The Asus MeMO Pad HD 7 is a 7-inch Android tablet whose aims are very similar to the Nexus 7’s – it’s a versatile, portable and affordable tablet. But at £129 it’s a good deal cheaper than the new Nexus 7. And while there are clear compromises involved, it's one of the very few sub-£150 tablets we recommend.
Got more money to spend? Head to our best Android tablets for your options.
Want to see the MeMO Pad HD 7 in the flesh? Check out our video review below.
The most obvious element that has been kept simple in the Asus MeMO Pad HD 7 is its hardware design. You’re not going to be bowled-over by its look or feel.
To give it a more high street-friendly look, the tablet comes in a bunch of colours – none black – including dark blue, green, pink and white, but otherwise the tablet keeps things basic. The back is curvy plastic, where the first Nexus 7 had an almost leather-like textured rear and the £50 more expensive Asus Fonepad uses metal.
The Asus MeMO Pad HD 7 is also not super skinny. At 10.8mm thick, there’s a reassuring amount to grab onto here, although with a weight of just over 300g, it’s easily light enough to hold one-handed comfortably for a while.
This will become a theme of the review – the Asus MeMO Pad HD 7 isn’t flash, but using it is mostly a joy.
Looks-wise, it’s similar to the first-generation Nexus 7, with a pretty generous expanse of screen bezel to each side of the display and the tablet-standard innocuous black front. In a couple of ways, the Asus MeMO Pad HD 7 is quite different from the Nexus 7, though. The most significant exterior one is that it has a microSD memory slot on the left edge.
You get a reasonable 16GB of storage, 11GB of which is accessible. That’s pretty generous for a tablet this cheap. And if you want to carry around a chunky movie or music collection, you can always slap in a microSD memory card of up to 64GB extra memory - there's an exposed microSD slot on the tablet's side.
The name alone tells you a fair bit about the MeMO Pad HD 7’s screen. It’s seven inches across and has more pixels than the first 7-inch MeMO Pad.
However, calling it ‘HD’ might be considered a tad misleading. The Asus MeMO Pad HD 7 has a 1,280 x 800 pixel screen, on-par with the first-generation Nexus 7. Google’s second 7-inch Nexus tablet has a 1080p display, giving it much more credibility as an ‘HD’ gadget. This is one of the main reasons this new Asus tablet has managed to sell for £70 less than the new Nexus 7 - read our Nexus 7 2 vs Nexus 7 comparison to see how the two differ.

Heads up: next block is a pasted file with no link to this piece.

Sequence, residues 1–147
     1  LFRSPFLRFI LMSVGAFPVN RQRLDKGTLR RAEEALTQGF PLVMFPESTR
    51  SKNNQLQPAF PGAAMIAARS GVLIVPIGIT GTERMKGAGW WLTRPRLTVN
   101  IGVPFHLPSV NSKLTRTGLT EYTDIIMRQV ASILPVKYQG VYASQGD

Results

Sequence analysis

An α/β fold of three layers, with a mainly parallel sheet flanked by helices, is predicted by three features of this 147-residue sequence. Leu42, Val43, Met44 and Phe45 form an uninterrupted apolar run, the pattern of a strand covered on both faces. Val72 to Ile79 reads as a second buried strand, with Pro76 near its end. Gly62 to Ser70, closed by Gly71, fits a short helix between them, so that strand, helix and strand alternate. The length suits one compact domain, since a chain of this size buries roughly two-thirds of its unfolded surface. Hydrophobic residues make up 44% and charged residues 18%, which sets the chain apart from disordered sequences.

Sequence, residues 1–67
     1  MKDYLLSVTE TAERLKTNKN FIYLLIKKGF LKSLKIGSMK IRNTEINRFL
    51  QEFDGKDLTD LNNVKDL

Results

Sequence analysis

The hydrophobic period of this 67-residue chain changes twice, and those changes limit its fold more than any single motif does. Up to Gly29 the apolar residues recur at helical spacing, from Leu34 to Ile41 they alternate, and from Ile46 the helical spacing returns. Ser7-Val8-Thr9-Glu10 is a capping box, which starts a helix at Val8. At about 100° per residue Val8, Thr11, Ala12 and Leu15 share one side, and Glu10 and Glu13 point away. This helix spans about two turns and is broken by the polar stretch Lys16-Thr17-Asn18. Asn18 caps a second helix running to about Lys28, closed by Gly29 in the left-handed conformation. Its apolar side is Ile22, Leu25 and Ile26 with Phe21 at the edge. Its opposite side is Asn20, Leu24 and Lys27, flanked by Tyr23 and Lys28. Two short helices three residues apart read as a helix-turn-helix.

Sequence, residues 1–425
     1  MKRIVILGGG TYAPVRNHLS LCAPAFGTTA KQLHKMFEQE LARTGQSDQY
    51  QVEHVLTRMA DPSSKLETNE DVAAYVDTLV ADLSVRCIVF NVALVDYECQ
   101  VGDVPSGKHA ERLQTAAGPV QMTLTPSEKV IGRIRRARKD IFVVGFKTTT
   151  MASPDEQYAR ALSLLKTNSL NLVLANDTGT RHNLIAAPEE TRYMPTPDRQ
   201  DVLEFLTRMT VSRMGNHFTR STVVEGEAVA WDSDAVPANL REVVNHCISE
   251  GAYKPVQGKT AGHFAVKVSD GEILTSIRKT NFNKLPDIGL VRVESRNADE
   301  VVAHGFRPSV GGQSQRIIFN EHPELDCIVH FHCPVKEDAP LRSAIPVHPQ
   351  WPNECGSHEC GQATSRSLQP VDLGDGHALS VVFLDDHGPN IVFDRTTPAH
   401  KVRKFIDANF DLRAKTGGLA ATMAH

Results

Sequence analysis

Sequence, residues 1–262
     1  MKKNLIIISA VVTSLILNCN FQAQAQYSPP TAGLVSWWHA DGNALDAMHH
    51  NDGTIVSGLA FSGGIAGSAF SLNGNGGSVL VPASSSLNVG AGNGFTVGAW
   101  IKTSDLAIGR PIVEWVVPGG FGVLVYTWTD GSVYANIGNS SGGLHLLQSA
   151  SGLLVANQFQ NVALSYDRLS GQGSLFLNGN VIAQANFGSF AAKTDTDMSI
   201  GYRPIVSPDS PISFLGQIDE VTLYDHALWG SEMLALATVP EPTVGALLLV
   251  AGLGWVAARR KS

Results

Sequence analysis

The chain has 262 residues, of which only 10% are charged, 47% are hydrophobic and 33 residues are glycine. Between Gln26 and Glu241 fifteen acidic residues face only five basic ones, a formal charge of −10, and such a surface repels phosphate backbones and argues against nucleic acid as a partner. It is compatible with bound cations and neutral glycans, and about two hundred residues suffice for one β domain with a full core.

It’s a compromise, but this is undoubtedly one of the best tablet screens you get at the price – Asus shows us how things should be done here. It uses an IPS panel, which supplies much better viewing angles and better colour than many ultra-budget tablets.
Black level and colour reproduction have been significantly improved over the first-generation Nexus 7. According to Asus, the panel comes from a different supplier this time around, and there’s no contrast-limiting (but battery-improving) Nvidia Prism imaging engine to stymie the vividness of images. The screen image is altogether much more satisfying.
The 215ppi screen isn’t pixel-rich enough to create ultra-smooth Retina-style effect of something like the New Nexus 7 or iPad with Retina display, but text and images are nevertheless fairly sharp. At the price, we’re impressed.
What the Asus MeMO Pad HD 7 doesn’t have, though, is a decent anti-reflective screen coating. Consequently, it doesn’t fare too well outside. You’ll need to set the brightness to maximum for the screen to be anything approaching comfortable to view. Top brightness is good for a tablet this cheap, though.
One very neat Asus-specific feature of the MeMO Pad HD 7’s screen is provided by a little app called Asus Splendid. The name may be silly, but its functionality is great. It lets you change either colour temperature or the screen’s hue and saturation. You can even turn it into a black and white tablet.
Generally, a manufacturer’s apps can generally be replaced easily with choices from the Google Play app store, but you’d need to root your tablet to get the sort of control Asus Splendid gives you.